Childhood Innocence in the 1940’s

Please send any comments on this article to:  editor@westenglandbylines.co.uk
If you would like to contribute to our progressive publication, please get in touch.


Read more articles from West England Bylines here >>>

The Author watering his Grandparents’ Garden ca. 1944 – Source: Paul Ryder

I was born in 1942 in a large town in Essex. I did not take an interest in national affairs until hearing the distressing and frightening reports on BBC radio in the early 1950s about the Korean War – desperately hoping my father would not be called up to serve again. He had joined up in 1939, been posted overseas in December 1941, and did not return until December 1945, when I was three and a half years old. So for those early years, I was brought up by my mother, with help from my paternal grandparents and my mother’s sister.

We lived in a flat, one of three, above some shops, which were owned by my grandparents. The kitchen window overlooked a bomb crater, and then a small Infant’s school, which my mother had attended and which I would soon attend. The first floor flat was reached by an iron staircase outside the building, which started from a little courtyard at the back of the shops and ascended to an iron-grill platform which gave access to the three flats. The courtyard at the bottom was reached via an alleyway from a door next to one of the shops. Every day we went up and down the staircase and back and forth through the alley.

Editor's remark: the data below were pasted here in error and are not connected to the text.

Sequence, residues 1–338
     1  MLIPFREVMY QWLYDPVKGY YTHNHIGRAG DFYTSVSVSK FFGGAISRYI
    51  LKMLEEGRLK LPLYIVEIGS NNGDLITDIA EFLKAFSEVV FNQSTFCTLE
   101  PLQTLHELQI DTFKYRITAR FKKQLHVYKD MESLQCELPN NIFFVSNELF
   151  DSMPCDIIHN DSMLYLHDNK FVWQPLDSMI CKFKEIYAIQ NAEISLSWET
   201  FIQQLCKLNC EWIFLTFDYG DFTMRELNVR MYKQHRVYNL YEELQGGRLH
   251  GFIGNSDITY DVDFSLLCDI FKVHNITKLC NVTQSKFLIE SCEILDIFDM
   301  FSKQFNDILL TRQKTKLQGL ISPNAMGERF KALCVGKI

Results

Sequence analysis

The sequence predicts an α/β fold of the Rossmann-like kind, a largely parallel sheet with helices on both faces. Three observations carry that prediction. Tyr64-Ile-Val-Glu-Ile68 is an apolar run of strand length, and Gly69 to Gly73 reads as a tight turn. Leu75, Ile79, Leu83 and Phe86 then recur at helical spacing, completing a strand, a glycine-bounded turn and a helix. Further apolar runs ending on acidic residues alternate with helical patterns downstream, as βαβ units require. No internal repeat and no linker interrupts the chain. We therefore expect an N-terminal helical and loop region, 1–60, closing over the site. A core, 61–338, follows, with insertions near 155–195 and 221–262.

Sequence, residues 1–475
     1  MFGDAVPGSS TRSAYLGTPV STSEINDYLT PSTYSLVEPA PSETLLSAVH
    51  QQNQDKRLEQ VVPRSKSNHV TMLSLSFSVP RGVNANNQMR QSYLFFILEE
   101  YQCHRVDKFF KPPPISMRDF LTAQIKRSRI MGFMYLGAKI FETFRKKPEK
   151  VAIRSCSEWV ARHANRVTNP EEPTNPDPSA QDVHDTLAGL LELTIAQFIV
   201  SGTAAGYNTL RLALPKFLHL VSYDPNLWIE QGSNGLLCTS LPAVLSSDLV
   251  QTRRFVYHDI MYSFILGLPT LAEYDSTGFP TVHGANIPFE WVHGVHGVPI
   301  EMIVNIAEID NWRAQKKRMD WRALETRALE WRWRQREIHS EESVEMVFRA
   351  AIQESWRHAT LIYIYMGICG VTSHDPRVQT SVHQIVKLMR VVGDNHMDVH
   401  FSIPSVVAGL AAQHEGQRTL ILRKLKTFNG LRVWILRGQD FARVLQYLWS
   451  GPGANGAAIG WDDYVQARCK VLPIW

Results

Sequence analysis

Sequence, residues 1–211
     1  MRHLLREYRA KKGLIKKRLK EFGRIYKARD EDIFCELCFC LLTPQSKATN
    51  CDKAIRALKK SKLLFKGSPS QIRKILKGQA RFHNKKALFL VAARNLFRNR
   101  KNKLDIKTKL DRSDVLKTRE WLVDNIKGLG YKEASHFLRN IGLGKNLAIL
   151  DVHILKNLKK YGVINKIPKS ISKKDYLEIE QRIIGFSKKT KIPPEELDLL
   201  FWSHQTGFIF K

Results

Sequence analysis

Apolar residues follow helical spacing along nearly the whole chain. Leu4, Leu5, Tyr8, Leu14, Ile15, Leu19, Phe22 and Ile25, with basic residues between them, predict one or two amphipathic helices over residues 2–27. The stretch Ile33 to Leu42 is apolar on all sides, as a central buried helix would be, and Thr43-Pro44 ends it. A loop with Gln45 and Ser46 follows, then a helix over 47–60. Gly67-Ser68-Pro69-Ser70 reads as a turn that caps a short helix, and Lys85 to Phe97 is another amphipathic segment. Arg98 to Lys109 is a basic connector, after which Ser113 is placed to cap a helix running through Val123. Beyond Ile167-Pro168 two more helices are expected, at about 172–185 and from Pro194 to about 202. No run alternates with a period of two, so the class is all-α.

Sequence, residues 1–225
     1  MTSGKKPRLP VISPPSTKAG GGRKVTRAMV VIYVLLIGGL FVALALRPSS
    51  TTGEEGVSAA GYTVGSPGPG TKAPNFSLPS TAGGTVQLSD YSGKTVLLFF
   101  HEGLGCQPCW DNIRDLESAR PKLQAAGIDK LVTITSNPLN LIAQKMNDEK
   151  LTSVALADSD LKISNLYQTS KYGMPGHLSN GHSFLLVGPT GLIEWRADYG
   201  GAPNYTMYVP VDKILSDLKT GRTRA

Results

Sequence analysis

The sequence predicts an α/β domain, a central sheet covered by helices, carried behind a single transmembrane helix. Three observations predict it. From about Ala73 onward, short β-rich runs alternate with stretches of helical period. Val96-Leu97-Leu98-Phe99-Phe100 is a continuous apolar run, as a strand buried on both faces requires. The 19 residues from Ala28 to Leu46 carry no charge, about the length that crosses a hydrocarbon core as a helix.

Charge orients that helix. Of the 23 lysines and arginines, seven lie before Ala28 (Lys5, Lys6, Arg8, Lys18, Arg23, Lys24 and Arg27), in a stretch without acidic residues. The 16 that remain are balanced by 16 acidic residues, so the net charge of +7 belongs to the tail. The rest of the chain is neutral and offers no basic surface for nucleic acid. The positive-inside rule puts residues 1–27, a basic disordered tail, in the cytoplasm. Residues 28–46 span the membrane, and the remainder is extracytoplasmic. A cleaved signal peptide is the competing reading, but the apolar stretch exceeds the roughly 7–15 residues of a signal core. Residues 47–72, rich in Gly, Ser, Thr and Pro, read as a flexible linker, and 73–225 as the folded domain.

As a baby and small child, my life was relatively uneventful, in contrast to the lives of the adults around me. My grandparents owned a toy shop nearby, and I was a frequent visitor there. My grandfather had a rather abrupt way with children, though I didn’t really register that then, but my grandmother was a strong presence for me, especially as I was her first and only grandchild at that time. They also had a garden, where I vaguely remember learning to walk, and where I took intense interest in the tomato plants, a water butt with a tap at the bottom, a peach tree against a wall, and a compost heap. There were little brick paths around the garden, which were ideal for toddling around.

Wartime Trauma

My mother took me on foot everywhere she could by pushchair. There was a park with a museum which we visited regularly, several of her friends to visit who lived nearby, my aunt’s house and small garden about a mile away where I spent a day a week at least, and the town’s cemetery. We visited the cemetery regularly because my maternal grandparents were recently buried there, after having been killed by a bomb landing directly on their house in 1941. This was a traumatic time for my mother, who had not only lost both her parents in unbearable circumstances, but had also left her job, got married, seen her husband off to war and given birth to me, all in the space of 12 months. I of course was unaware of any of this.

But Life Goes On